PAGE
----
By Mridula Tirumalasetti
Impunity Watch Reporter, South America
CARACAS, Venezuela–A longtime editorial cartoonist in Venezuela was fired from the El Universal newspaper because of the caricature she drew. The cartoon was used to satirize the health care system in Venezuela. Although nothing has been confirmed by the newspaper, Rayma Suprani, who was the cartoonist, said via Twitter, “I was informed of my sacking from El Universal over this caricature and my awkward attitude over graphic satire.”
The cartoon pictured a normal- looking electrocardiogram with the title “health” underneath it and another that combined Chavez’s signature with a flat heartbeat line, symbolic of a cardiac arrest. Under that electrocardiogram was the title “health in Venezuela.”
El Universal’s editorial page published the cartoon. The newspaper’s editorial page has always been critical of the socialist government of Venezuela. However, a pro-Chavista government company acquired the newspaper this summer, and the anti-government stance has softened. Many columnists have left the newspaper since.
The cartoon touched on two sensitive topics for Venezuelans: the legacy of Chavez and the way the socialist government has been managing healthcare.
Supporters of Chavez argue that Chavez transformed the healthcare system to one that is friendlier towards the poor. Chavez initiated the “Barrio Adentro” (Inside the Neighborhood) program, which established a network of small health clinics around Venezuela. The health clinics were staffed by Cuban health care professionals and offered free treatment.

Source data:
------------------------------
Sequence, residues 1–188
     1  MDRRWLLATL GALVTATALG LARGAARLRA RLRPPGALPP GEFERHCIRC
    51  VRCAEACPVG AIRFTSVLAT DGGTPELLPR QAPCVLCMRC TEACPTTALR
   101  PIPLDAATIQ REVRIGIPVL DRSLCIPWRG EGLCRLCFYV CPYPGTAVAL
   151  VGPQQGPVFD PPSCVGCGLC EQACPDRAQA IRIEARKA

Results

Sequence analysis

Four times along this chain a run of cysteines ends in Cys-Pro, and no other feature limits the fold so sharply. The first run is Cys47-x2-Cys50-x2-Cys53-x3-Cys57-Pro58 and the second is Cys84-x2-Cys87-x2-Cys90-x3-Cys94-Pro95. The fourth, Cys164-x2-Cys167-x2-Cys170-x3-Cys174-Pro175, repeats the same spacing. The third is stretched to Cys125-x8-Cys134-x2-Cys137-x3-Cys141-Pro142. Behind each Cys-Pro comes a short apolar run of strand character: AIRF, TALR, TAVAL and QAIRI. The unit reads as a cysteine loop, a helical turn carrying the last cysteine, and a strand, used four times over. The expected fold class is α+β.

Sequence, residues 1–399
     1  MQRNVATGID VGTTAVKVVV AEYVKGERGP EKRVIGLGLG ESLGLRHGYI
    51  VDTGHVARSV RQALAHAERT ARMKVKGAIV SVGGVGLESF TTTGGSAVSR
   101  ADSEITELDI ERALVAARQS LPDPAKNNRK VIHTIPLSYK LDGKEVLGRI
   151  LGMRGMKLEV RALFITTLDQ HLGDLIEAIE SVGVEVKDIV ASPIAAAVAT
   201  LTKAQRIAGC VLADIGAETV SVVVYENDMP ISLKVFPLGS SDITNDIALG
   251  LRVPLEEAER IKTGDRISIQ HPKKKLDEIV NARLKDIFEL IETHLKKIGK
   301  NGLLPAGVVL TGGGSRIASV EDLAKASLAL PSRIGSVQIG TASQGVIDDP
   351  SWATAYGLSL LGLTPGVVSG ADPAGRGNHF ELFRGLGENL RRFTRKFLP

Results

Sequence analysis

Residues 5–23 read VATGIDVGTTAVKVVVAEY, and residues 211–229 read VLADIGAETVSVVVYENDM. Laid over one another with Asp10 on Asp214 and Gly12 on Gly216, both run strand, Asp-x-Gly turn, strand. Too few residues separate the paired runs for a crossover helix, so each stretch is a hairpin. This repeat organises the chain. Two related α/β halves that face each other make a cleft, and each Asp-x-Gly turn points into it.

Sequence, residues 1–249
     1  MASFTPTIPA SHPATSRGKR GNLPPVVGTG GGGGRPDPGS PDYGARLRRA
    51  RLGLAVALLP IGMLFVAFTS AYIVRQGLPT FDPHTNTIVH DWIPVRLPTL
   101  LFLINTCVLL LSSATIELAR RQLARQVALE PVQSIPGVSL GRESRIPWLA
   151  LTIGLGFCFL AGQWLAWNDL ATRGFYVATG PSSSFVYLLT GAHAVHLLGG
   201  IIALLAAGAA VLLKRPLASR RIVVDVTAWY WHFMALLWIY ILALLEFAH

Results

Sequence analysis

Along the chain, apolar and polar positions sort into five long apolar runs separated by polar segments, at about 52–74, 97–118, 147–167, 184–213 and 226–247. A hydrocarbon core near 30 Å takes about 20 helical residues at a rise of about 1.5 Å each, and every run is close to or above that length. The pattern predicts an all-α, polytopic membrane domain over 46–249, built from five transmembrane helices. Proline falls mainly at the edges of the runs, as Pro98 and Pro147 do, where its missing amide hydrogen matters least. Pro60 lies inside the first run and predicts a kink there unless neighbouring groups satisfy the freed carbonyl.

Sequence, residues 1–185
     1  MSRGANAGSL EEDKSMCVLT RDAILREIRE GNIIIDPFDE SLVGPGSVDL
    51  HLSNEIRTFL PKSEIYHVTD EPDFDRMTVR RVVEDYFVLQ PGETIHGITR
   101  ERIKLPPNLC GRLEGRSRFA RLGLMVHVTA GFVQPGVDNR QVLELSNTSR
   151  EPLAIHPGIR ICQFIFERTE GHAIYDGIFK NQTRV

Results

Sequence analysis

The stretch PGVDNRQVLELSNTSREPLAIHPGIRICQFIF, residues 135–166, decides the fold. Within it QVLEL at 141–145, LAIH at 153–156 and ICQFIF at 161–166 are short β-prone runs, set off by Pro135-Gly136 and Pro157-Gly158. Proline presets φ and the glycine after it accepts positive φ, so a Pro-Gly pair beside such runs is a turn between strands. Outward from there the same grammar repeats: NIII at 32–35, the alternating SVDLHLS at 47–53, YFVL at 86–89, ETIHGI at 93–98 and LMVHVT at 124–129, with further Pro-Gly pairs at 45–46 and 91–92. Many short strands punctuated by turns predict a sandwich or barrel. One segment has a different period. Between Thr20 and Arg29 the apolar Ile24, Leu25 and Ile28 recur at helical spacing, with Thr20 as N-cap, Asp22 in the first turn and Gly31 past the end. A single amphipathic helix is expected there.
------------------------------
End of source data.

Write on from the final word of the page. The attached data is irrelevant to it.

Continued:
The opposition does not deny the welfare advance made by Chavez, but they insist that the advances were patchy and are critical of the shortages of medicine and equipment. Henrique Capriles, who is an opposition leader, not only paid public tribute to Suprani after the cartoon incident, but also used the incident to take a stab at the Maduro government, which is currently in power.
According to a statement issued by the staff on the newspaper, Suprani’s firing reflects a bigger issue: the country’s “increasing censorship.” Under the governments of Chavez and Maduro, any critical media outlets became extinct. For example, the RCTV station, which was a critical TV station lost its broadcast license in 2007. Since 1999, when Chavez became president, several indenpendant radio stations and newspapers were forced to close. El Nacional remains the only opposition newspaper.
Suprani told local radio, “[m]y immediate boss called me and told me he didn’t like my caricature and I was out. We’ve become a country where if you say things, have your own criteria and try to provoke reflection, it’s not well-viewed.”
For more information, please see:
LA Times–Firing of editorial cartoonist raises censorship concerns–19 September 2014
The Guardian–Venezuelan cartoonist ‘fired’ over healthcare satire–18 September 2014
The Tico Times–Venezulan cartoonist fired after sketch slamming health care–18 September 2014
Reuters–Venezuelan cartoonist says fired for health satire–18 September 2014